"Whatever Works": Innovations in the Treatment of Hemophilia in the United States 1783-1950.

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Summary of ""Whatever Works": Innovations in the Treatment of Hemophilia in the United States 1783-1950."

Treatment of the bleeding disorder hemophilia in the nineteenth century was empirical, based on clinical experience. Medications, transfusions of human or animal blood, and injections of blood sera were utilized in an attempt to halt life-threatening hemorrhages. After 1900, the application of clinical laboratory science facilitated the utilization of anti-coagulated blood and donor blood compatibility tests for safer emergency transfusions. But repeated transfusions produced blood incompatibility that limited future utilization. Investigation of hormones and snake venom as coagulants appeared hopeful during the 1930s, but plasma globulin research during World War II resulted in the isolation of antihemophilic factors that promptly reduced hemorrhage. Their application to bleeding episodes resulted in a more normal life for hemophiliacs after 1950.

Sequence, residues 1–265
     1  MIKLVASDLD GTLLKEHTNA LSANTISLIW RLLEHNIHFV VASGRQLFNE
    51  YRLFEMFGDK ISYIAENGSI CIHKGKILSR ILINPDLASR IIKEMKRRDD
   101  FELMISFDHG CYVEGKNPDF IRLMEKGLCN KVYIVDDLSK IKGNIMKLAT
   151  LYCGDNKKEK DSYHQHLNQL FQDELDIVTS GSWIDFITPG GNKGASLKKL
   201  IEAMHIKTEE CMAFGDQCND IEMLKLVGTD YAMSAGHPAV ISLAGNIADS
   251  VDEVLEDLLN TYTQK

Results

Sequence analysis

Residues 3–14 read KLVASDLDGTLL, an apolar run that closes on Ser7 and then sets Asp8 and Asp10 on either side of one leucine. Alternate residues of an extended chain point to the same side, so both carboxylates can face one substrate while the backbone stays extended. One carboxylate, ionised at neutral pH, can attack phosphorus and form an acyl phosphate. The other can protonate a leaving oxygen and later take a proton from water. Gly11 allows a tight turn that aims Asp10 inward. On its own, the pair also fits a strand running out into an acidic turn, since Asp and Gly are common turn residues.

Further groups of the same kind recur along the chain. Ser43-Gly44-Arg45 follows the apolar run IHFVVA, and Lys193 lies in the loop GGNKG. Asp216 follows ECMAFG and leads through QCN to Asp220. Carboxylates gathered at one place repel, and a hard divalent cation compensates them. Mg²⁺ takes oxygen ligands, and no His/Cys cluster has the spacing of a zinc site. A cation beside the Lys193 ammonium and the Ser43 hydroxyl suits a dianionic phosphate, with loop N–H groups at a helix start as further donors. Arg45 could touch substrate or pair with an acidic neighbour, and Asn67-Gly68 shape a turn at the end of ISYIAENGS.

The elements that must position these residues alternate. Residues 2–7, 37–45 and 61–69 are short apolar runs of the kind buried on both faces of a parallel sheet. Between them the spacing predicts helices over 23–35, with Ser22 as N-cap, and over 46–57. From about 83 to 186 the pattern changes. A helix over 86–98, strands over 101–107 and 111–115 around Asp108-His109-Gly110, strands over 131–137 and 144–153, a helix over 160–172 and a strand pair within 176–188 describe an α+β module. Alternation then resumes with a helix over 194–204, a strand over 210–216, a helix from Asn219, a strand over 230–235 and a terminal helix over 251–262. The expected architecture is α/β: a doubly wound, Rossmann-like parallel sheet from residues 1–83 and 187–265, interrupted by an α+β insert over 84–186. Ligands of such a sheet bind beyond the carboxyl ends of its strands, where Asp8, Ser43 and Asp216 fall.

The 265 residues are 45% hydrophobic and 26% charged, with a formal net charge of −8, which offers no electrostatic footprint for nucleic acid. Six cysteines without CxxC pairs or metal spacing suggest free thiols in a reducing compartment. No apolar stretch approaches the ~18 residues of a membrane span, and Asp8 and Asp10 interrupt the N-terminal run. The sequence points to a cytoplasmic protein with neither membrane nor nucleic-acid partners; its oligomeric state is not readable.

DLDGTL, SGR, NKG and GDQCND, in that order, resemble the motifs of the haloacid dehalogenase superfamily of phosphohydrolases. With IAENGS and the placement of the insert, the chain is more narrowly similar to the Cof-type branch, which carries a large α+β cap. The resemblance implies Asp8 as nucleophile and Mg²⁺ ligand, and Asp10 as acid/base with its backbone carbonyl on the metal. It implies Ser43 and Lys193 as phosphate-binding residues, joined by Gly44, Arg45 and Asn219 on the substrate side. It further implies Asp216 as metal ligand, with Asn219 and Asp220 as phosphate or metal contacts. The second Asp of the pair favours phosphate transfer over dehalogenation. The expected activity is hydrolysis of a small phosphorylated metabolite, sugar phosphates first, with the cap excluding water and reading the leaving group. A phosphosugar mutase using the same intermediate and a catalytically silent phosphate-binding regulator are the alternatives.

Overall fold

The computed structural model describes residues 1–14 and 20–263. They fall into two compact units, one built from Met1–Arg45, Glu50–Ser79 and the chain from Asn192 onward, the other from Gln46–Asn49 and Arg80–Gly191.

Journal Details

This article was published in the following journal.

Name: Canadian bulletin of medical history = Bulletin canadien d'histoire de la medecine
ISSN: 0823-2105
Pages: e386092019


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